Ad shake-up at ACP: ACP,
the magazine arm of PBL, is suffering some instability in its advertising sales
area, as it prepares to greet its new CEO Ian Law, the former CEO of
West Australian newspapers. Peter
Stewart, the former head of advertising until he left suddenly several years ago,
has been and gone, again. He was
rehired last year by ACP CEO, John Alexander as national sales director
of the Men’s & Specialist magazines
division, but five months later he was gone with as much
mystery as his rehiring last year. Now
David Elliott, ACP Magazine’s national
advertising manager for men’s lifestyle magazines Ralph and Men’s Style, is heading to Emap as
advertising director for the new men’s magazine,
Zoo. And who poached him from ACP? Why none other than another
former ACP ad manager, Cameron Hoy, who was sacked a year ago last
month after falling under the spell of Anna Nicole Smith – the buxom,
tarty American heiress – at an Oscars lunch in Sydney. Replacing
Elliott is Louise Barrett from the Nine Network. – Glenn Dyer

Antiques Roadshow hurting Bert: One of
the oddities of the Nine Network schedule in 2006 is the use of the Pay TV show
Antiques Roadshow at 5pm (except in Brisbane where Bert’s Family Feud airs ahead of the Brisbane/Gold Coast Extra type
program). After
looking at it once or twice on Nine, all I will say is that it is better suited to
subscription TV in this country and viewers seem to agree. So far
this year Antiques (and I do not mean Bert Newton, that’s unfair) isn’t doing
Nine any good, except filling a hole that repeats of Frasier and The Price is
filled last year – it’s averaging just over 307,600 viewers. Its competition, Seven’s
Wheel Of Fortune is averaging 472,600 viewers so far this year and
that’s a problem for Bert’s Family Feud.
Either Nine doesn’t really care about helping Bert and the news, or it
just has nothing in its inventory that could do any better. It shows
how far Nine has fallen when it can’t find a program capable of helping
build an audience between 5pm and 6pm and boost the News and A
Current Affair
. Glenn Dyer

Last night’s TV

The Winners Ah, Ten, for the second Wednesday night in a row as it
benefited from having new shows on TV, new programs that were developed for
2006! But that’s not to say viewers were not turned on by a bit green
programming. A repeat of House on Ten was the night’s most watched program with
1.484 million, around 100,000 under what new eps were getting in ratings.Today
was second with 1.458 million and Ten’s new program, Thank God You’re
was third with 1.456 million at 7.30 pm.Then came Seven News, 1.400
million, Ten’s The Biggest Loser, 1.316 million, Home and Away, 1.208 million,
Nine News was next with 1.202 million, then A Current Affair with 1.149 million,
Spicks and Specks on the ABC at 8.30 was 9th with 1.117 million and a repeat of
Seven’s Beyond Tomorrow was 10th with 1.099 million. Ten led from 7 pm to 10.30
pm as a repeat of NCIS won the 9.30 pm slot with an average of 949,000. Nine’s
Temptation edged over the million mark to 1.009 million in a promising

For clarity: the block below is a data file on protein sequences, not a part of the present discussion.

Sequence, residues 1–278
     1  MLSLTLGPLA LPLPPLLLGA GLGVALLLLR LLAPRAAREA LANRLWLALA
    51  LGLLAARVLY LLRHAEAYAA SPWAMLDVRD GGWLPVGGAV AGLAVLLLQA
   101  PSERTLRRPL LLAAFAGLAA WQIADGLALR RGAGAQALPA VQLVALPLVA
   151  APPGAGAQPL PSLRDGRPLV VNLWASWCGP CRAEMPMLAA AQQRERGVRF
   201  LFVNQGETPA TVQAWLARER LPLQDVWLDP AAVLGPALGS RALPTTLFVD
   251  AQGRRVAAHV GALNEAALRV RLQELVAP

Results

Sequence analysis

development for the under pressure program.
The Losers Losers? Bert 547,000, not good, not as bad as when it
was in the 400,000s, but…! Seven’s Prison Break, ostensibly a new ep, but
really a highlights package: just 953,000 watched and it was pipped by a repeat
of Nine’s Without a Trace 961,000. Survivor Panama averaged 1.095 million at
7.30 pm as Nine seeks to bridge the gap between here and the US. Just beaten by Beyond and well beaten by Thank God. Seven’s Deal or No Deal averaged
News & CA Seven News again won easily as did Today Tonight. It was
a clean sweep and yes, Nine was served poorly by Perth, but the margins in
Sydney and Melbourne in favour of Seven were convincing. The ABC 7 pm news
averaged 928,000 (fourth behind Temptation for once) and the 7.30 Report
averaged 876,000. Ten News at Five averaged 802,000.
The Stats Ten first with a share of 27.5% (28.3% a week ago),
Seven was second with 26.4% (28.1%)and Nine was third with 25.5% (24.2%), the
ABC had a high 16.1% (14.7%) and SBS had 4.4% (4.7%). Nine, Ten and Seven tied
in Sydney with 26.7% apiece, how close was that? Ten won Melbourne from Nine and
Seven, in Brisbane it was Ten, Seven and Nine, in Adelaide it was Ten Nine and
Seven and in Perth it was Seven, Ten and Nine..
Glenn Dyer’s comments Wednesday is Ten’s night of the week and it has
been strengthened by Thank God You’re Here. The interesting point about Thank
whether Nine or Ten would have picked it up had it been offered.
Working Dog, the program’s producers, have a good relationship with Ten
which took a risk taking an untested format. Seven doesn’t have any
space, except Sunday nights and Nine has lot of space, but no appetite
for risk. It was a night when recycling kept Nine in the game.
penalised Seven and helped Ten to a convincing win. The AFL Footy Show averaged 549,000 with 351,000 in Melbourne from 9.30 pm
to around 11 pm. That was the ninth most watched program in Melbourne and helped
boost the Network’s performance. The fate of ER is a bad sign for Nine. Just
461,000 at 9.30 and it doesn’t go to air in Melbourne, Adelaide and Perth
because of the AFL Footy Show. Combined around
1.1 million people watched Nine from 9.30 pm to 10.30 pm which helped the
Network, more than on Seven or Ten, but as the schedule was split, Ten’s NCIS
had more viewers for the single program. But ER used to be a ratings giant for
Nine, now it’s a timeslot filler. Tonight it’s the AFL on Nine, no Lost on Seven
and the thought of hot cross buns and easter eggs..